MIT Stem Pals
January-February 2016
Please forward this to friends and colleagues interested in STEM

STEM: The Wonder of it All!
Dick LarsonSTEM means so many distinct things to different people. Some think of robot competitions, not exactly an inviting image for many young people. Others think of AP tests in math and sciences. Another downer for many! Still others may think of myriad items to memorize and parrot back on tests – math formulas, multi-syllabic biology terms, Newton’s Laws of Physics, the Periodic Table, etc. Not exactly what you leap out of bed for in the morning!

I’m not saying that students should not know the fundamentals. They should. They must. But in today’s education environment, where is the room for imagination, creativity, play, asking why and what if? And doing this may be much harder than any of the items listed above. But also much more enjoyable and satisfying. Read more.

Super Bowl Week: STEM and Gridiron Glory
Kim SpangenbergWe are in the midst of our third year of Science Thursday at the Bullock Texas State History Museum in Austin. At these monthly event's, we offer hands-on STEM activities that have connections to Texas history as well as its culture and environment. In September a new exhibit opened, “GRIDIRON GLORY - The Best of the Pro Football Hall of Fame”. After all, Texas is the home of “Friday Night Lights” – both the movie and television show. The challenge was to develop a short activity associated with this exhibit for the students on field trips to the museum.

The criteria we had to meet included:

  • STEM and exhibit -related
  • Easy to implement
  • Quick to do (to avoid taking too much time away from the museum exhibits)
    and, most importantly,
  • Of interest to both 4th and 7th graders (when they study Texas history) and both girls and boys. Read more.

MIT Looks to Make the World a Better Place
Claudia UrreaFollowing the recommendations of The Future of MIT Education Task Force Report, MIT is launching the new pK-12 Action Group that brings MIT’s unique “mens et manus” (Mind and Hand) approach to learning beyond the campus to learners and educators of all ages, building upon existing efforts and developing new ones. This Action Group will fill a growing need in STEM education by initiating new research, design, and outreach programs that will transform how students learn – and our understanding of how students learn. It will engage MIT faculty, staff, students, and researchers in pursuing two major, interconnected goals: 1) Changing the World through Learning – Bringing the MIT hands-on, minds-on approach to pre-kindergarten through grade 12 (pK-12) learners and educators through the development of new technologies, services, and curricula. These will range from low-cost laboratory instruments and innovative computing environments to new strategies for connecting learners around the world. Read more.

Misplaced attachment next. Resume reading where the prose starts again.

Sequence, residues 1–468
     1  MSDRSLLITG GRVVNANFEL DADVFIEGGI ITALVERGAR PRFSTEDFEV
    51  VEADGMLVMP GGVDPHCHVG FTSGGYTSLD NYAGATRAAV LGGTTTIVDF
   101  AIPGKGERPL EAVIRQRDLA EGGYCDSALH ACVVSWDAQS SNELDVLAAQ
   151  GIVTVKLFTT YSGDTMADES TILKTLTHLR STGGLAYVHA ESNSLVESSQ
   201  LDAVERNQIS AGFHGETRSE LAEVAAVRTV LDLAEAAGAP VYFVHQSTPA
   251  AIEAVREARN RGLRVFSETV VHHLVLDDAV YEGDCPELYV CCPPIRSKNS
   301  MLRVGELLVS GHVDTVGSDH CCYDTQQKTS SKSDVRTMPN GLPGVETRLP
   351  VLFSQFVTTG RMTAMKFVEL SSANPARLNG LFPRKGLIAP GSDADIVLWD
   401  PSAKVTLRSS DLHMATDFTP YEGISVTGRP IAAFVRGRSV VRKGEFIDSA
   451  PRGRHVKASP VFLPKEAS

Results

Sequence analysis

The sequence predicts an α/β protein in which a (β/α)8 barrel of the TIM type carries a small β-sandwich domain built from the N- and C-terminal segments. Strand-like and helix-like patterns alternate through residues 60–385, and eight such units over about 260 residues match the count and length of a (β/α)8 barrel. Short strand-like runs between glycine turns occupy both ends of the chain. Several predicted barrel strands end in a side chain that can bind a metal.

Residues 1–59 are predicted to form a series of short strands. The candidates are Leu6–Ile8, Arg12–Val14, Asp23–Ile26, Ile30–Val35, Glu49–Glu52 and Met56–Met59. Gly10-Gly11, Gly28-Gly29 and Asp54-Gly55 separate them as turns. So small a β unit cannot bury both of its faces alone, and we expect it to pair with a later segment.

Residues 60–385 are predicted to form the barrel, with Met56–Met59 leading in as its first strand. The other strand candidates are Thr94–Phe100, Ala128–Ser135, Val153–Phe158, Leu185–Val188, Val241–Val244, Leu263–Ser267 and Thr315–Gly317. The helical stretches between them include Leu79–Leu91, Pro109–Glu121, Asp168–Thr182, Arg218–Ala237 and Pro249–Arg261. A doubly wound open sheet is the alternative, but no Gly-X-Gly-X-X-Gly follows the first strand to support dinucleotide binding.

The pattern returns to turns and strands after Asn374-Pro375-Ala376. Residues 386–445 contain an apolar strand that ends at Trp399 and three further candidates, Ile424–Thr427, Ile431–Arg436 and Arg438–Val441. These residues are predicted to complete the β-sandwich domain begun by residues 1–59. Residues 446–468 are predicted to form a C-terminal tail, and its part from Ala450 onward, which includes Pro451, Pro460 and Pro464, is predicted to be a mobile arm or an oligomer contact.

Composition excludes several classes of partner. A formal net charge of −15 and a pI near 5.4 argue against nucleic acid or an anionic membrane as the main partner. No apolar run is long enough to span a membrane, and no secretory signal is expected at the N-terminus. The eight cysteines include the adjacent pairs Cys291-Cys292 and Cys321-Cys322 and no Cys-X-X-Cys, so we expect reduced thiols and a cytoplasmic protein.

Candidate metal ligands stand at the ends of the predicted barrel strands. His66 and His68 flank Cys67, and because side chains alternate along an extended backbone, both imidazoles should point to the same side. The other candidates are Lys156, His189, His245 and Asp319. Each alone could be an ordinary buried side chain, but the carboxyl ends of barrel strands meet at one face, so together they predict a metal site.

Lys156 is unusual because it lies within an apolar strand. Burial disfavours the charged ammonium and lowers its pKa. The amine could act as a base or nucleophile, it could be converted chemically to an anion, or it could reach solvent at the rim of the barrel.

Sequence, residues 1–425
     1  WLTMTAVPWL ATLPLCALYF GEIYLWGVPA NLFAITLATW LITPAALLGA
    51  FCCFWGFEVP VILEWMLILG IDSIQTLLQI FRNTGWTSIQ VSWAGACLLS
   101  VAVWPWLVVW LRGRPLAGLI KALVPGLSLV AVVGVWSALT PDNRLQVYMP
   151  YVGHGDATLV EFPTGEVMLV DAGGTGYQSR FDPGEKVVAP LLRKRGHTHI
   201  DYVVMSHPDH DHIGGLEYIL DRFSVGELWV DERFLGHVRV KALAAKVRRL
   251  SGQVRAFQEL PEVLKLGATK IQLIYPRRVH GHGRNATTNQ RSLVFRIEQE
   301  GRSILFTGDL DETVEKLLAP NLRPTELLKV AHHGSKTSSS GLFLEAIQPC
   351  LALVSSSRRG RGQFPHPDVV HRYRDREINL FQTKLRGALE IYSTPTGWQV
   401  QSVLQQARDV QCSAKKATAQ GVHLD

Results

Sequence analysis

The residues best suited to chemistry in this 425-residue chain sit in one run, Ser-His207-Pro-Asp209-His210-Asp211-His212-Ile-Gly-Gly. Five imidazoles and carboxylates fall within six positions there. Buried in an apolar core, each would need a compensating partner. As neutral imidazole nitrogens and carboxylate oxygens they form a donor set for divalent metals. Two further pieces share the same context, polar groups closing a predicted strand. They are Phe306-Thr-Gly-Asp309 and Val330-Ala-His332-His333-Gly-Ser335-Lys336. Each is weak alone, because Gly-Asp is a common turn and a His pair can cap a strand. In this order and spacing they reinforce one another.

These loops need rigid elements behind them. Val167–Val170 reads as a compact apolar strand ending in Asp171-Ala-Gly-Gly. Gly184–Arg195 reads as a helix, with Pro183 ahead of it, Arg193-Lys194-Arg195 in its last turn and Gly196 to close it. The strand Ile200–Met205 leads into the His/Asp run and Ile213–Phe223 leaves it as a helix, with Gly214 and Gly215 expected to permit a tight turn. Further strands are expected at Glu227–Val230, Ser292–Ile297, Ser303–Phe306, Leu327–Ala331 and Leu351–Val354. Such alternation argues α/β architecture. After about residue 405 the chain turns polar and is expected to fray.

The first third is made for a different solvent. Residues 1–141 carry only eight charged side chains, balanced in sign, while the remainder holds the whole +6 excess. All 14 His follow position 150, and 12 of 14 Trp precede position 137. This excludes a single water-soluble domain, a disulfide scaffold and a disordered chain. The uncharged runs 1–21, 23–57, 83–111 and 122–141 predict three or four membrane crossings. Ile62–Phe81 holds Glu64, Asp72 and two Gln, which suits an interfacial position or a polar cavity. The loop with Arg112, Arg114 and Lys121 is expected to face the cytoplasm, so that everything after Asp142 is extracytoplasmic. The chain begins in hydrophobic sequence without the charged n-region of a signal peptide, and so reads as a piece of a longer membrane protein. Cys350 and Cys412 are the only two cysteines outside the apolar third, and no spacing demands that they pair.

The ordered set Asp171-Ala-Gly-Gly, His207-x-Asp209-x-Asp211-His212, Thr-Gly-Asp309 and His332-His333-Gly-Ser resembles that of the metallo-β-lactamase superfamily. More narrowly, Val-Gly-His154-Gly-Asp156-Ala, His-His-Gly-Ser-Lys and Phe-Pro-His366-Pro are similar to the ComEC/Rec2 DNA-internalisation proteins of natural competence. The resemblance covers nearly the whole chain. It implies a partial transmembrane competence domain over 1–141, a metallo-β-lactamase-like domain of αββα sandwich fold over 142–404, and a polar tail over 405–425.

Highlighting ESSA Changes
 Janet LordenNow that the Elementary and Secondary Education Act (ESEA) was reauthorized by Congress, sense-making, otherwise know as the rulemaking, of the law begins. Let’s start at the beginning. The first thing to know is that the bill is no longer called No Child Left Behind or NCLB, but is now known as the Every Student Succeeds Act or ESSA (and, that is pronounced typically with a short ‘e’ at the beginning: Es’ Suh).

The bill is divided into several parts called Titles. STEM related issues are found mostly in Title II and in Title IV, though there are some STEM items in Title I. The focus here will be to outline some of those major highlights of ESSA that affect overall education as well as STEM. Read more.